A lightning strike has produced a brand new phosphorus mineral, similar to that found on meteorites and in space.
The bolt created a chemical reaction in a rock, leading to what could be a member of a new mineral group, somewhere between space minerals and minerals found on Earth.
And researchers believe strikes like this one might have produced chemicals that kick-started life on Earth.
The find was made following the strike on a tree in New Port Richey, Florida, when a fulgurite was sold by the landowners to a geoscientist who then had it analyzed.
Fulgurites are formed by the high-energy electrical discharge of lightning through rock, soil, and sand, melting them all together in a small tube—effectively making a fossil out of a lightning strike.
Fulgurites have been studied in the desert landscapes of the Sahara to try and map out the weather patterns of a pre-desertified North Africa.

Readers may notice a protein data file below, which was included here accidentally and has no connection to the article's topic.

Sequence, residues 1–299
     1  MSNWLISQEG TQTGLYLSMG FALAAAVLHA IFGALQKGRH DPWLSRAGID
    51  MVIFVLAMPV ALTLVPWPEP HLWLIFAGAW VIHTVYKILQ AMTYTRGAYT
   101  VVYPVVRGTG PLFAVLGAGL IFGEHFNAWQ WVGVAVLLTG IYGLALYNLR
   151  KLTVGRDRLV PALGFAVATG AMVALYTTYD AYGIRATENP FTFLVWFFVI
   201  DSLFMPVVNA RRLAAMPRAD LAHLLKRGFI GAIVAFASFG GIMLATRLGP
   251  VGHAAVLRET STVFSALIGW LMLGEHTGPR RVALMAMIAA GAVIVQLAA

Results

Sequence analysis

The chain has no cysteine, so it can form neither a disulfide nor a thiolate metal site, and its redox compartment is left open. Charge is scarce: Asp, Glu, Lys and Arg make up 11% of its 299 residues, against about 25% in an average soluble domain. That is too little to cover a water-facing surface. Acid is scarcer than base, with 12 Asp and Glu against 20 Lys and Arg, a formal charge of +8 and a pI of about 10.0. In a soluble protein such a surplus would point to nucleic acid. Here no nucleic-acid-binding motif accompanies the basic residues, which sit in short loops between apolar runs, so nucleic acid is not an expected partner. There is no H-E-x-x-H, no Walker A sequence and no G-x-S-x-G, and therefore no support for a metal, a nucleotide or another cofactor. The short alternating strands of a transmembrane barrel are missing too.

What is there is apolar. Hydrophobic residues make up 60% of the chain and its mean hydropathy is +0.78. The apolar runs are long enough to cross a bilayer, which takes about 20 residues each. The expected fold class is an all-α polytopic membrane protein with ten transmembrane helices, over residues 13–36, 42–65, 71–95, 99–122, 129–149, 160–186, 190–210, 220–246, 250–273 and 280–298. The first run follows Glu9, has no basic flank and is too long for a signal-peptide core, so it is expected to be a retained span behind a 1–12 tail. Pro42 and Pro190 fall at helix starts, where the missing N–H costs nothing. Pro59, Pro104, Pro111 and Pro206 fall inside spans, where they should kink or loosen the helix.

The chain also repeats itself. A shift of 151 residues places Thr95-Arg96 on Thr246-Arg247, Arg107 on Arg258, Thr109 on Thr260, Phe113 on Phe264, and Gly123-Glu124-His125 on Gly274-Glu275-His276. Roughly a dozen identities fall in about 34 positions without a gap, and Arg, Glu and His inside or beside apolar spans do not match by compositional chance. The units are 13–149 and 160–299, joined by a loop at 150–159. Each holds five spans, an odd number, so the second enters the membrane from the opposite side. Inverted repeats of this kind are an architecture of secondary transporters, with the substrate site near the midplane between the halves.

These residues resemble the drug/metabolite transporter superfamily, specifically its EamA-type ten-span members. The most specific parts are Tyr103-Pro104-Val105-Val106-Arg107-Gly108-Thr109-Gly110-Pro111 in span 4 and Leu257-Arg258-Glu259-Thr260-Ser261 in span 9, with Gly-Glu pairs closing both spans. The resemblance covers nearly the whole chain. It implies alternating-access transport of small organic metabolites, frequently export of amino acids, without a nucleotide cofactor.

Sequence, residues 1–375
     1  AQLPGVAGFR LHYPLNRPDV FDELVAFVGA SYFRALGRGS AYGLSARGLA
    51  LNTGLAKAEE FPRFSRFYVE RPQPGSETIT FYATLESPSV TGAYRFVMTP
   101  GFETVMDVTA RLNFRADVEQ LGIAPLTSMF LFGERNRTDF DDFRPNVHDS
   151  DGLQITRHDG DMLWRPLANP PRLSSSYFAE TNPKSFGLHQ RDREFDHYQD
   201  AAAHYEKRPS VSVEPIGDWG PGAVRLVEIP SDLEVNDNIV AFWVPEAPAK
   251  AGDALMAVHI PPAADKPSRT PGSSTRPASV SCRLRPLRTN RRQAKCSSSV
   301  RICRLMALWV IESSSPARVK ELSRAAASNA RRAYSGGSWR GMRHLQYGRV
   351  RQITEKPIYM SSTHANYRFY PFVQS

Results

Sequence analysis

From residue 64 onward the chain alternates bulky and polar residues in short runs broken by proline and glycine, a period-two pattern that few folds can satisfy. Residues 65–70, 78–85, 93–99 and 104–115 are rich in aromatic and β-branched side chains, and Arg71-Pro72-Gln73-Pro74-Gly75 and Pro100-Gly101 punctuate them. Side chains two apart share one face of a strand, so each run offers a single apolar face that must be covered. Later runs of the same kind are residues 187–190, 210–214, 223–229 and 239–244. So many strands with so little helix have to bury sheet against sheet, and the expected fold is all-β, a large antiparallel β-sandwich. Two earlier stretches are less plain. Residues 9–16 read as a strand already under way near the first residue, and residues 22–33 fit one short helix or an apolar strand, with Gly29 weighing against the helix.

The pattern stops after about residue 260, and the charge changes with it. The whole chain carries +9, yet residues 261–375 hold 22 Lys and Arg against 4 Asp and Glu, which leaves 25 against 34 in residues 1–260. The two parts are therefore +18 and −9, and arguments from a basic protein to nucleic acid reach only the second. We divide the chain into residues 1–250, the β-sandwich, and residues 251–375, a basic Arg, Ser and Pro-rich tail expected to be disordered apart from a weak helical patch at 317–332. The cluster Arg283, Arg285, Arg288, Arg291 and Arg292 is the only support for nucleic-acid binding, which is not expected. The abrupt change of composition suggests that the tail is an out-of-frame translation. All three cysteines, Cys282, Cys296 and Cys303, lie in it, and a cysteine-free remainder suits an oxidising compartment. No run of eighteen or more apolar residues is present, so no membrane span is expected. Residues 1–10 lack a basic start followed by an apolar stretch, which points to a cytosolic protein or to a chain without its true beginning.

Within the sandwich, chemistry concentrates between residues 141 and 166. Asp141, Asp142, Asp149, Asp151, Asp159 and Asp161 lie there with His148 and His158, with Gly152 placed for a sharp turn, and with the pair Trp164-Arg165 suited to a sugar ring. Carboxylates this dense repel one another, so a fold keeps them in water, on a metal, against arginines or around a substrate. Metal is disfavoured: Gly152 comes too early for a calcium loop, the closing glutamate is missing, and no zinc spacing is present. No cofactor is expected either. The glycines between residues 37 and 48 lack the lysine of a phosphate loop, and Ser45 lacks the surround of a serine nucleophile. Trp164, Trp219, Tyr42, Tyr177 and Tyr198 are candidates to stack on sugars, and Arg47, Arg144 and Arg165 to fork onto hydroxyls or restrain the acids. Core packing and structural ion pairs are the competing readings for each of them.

“When lightning strikes a tree, the ground typically explodes out and the surrounding grass dies, forming a scar and sending electric discharge through nearby rock, soil, and sand, forming fulgurites,” said Professor Matthew Pasek, from the University of South Florida.
“Minerals similar to it can be found in meteorites and space, but we’ve never seen this exact material anywhere.
The study containing the discovery was published in the journal Communications Earth & Environment, and came about after Professor Pasek teamed up with Luca Bindi, a professor of mineralogy and crystallography at the University of Florence in Italy.
Together, the team set out to investigate unusual minerals that bear the element phosphorus, especially those formed by lightning, to better understand high-energy phenomena.
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